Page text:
Menswear

Men Like Daniel Patrick: On Design, Work Ethic & Simple Pleasures

Australian guys are full of surprises. Like, how Keith Urban took over country music. Ian Thorpe and Matthew Mitcham took over Olympic aquatics. The Hemsworths took over everything. Designer Daniel Patrick is on track to conquer American fashion with his “effortless” cool.
Reading time 5 minutes
© Daniel Patrick

Born and raised in Sydney, he runs his eponymous streetwear empire from the famed Melrose Avenue in Los Angeles. Shorts for Justine Bieber, shoes worn by Steve Aoki, a track suit in a Bad Bunny editorial. It’s just another day at the Daniel Patrick office. Celebrities are lining up for his athleisure looks which he champions himself on the brand’s very personable Instagram account. It looks as if your favorite pro athlete became an in-demand DJ with a flawless sense of color. It sounds almost too much, but it works; in the way most improbable success stories do.

The journey from the proverbial zero to full-on American Dream took nine years of the daily grind. Now that the (West) coast is clear, the brand is aiming higher, farther, bigger. From Down Under to the Top of the World, I caught up with the designer for a quick round of questions to better understand the man behind the emerging phenomenon.

Who is a Daniel Patrick guy?

Individual and aware. I think everyone is different and has their own take on things.

What influences you as an influencer, in a broad sense?

I'd like to think there is a delicate balance between influencing your environment and being influenced by it. Creatively, the brand has a lot to do with what I'm about and what I'm into. I was brought up in Australia with a heavy sporting background. So, it’s basketball, rugby, architecture.

How does sportswear impact men’s fashion?

It must be simple, comfortable and functional. Athletic uniforms make your actions effortless. It's that go-anywhere and be-anything type of style. I like it to be worn in everyday life. Sport yet street. It’s somehow very American, too: wearable and laid back. I look up to those that came before me in menswear like the Ralph Laurens and Tommy Hilfigers of the industry.

How do you start a collection? What element is key?

Honestly, I never sit down and go, I'm gonna design a collection. I'll get an idea while I'm driving or even going for a run. It usually comes on the move and snowballs from there. It might be one piece or a concept and one design begets another and before you know it you have a collection. It’s a very organic process.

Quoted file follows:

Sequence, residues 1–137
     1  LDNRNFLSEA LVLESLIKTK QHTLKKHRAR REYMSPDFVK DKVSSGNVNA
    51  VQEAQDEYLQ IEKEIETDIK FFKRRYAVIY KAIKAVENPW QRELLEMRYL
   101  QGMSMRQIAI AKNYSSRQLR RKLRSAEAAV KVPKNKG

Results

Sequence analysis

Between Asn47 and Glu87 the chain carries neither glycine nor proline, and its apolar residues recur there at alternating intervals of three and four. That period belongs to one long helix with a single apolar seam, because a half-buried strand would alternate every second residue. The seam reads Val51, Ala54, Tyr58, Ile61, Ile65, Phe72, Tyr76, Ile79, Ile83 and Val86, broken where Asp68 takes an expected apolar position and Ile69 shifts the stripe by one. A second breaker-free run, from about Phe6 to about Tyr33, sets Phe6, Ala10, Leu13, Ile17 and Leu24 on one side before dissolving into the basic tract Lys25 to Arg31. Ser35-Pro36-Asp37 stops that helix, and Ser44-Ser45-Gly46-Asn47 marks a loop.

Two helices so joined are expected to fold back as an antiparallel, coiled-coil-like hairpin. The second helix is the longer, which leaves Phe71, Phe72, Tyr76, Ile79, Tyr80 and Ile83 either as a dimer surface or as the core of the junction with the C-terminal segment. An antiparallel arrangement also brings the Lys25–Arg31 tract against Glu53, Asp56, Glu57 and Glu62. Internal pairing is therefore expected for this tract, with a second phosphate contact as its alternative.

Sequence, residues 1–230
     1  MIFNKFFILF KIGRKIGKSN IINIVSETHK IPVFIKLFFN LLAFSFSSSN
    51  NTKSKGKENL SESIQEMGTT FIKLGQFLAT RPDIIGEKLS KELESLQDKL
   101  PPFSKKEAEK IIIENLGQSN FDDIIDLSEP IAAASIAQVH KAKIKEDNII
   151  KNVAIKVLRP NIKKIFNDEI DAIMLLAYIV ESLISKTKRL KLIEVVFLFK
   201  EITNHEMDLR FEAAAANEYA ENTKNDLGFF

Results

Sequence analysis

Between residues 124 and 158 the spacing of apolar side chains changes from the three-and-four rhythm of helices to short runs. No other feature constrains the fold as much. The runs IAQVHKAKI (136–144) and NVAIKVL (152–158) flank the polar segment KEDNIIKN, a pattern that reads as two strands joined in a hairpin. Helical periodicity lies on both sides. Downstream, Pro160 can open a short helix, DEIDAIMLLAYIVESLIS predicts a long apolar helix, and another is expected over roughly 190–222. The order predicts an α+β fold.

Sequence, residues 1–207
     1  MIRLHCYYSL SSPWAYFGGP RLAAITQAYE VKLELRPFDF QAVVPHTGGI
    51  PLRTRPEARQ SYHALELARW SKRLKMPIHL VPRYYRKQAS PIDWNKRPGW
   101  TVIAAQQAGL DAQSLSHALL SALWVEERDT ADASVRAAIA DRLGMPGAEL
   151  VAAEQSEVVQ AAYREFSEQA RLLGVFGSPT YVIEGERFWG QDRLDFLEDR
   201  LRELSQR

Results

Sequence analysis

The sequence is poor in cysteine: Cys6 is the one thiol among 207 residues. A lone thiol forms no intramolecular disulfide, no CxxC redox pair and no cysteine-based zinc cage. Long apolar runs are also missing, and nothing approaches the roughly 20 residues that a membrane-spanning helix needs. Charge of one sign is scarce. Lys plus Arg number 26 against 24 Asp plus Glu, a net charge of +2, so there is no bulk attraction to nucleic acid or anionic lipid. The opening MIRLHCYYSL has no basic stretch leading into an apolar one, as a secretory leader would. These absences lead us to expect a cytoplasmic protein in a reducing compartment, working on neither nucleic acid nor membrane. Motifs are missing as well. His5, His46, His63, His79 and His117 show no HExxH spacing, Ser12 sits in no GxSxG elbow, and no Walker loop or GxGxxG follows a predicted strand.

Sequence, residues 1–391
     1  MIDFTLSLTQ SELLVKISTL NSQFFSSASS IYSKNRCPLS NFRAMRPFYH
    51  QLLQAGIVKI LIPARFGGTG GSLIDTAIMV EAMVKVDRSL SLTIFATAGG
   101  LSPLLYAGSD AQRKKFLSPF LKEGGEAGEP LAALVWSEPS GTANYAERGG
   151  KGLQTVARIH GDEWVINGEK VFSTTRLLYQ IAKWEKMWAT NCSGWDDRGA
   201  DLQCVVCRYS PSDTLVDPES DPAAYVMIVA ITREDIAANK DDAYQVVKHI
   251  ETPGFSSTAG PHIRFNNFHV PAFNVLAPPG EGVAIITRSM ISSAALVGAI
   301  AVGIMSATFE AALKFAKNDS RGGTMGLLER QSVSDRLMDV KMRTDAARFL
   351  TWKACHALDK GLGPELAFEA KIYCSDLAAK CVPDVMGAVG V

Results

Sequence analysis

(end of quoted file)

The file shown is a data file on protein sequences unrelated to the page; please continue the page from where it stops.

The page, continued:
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© Daniel Patrick

Who would you want to collaborate with?

I like to partner with brands that I have a genuine interest in. I really enjoyed working with Adidas and James Harden, Starter, Coffee Manufactory. The drive and the product are authentic. I would love a Land Rover Defender or Range Rover collaboration. Rolex would be great as well.

How do you spend your limited free time?

I keep it pretty simple and just hang out with my wife and kids. Whether that be at home or picking up groceries at Whole Foods or going out to our favorite Japanese restaurant Shin Sen Gumi or grabbing a coffee at the nearest Blue Bottle. I actually enjoy all that simple stuff together.

How do you cope with fear?

For me the best way to handle fear is to face those fears. I usually find that what I was afraid of was just all in my head and afterwards I'd be like, That wasn't so bad. That said, I am not a big fan of talking in front of people.

Favorite bad habit?

Being a perfectionist. Not necessarily a bad habit but it can get in the way at times and annoy those around me. Especially my wife. It's a gift and a curse.

What is the ratio of business savvy and alchemy in success?

It definitely takes some business savvy to succeed. The creative side may come quite easily. However, if you can't nail the business side, it doesn't matter how creative you are. It's also good to know when to pivot and when not to pivot. There will always be plenty of you're never gonna make it and other negative stuff. Good advice is to stay true to yourself and your own goals.

What is the most important question on your mind at this stage of your career and life?

What's next? Always looking for the next thing.

 

 

About the author: Stephan Rabimov, Editor-at-Large.
Stephan Rabimov is an award-winning American journalist and fashion critic.

Picture by Sarah Jane Barnes

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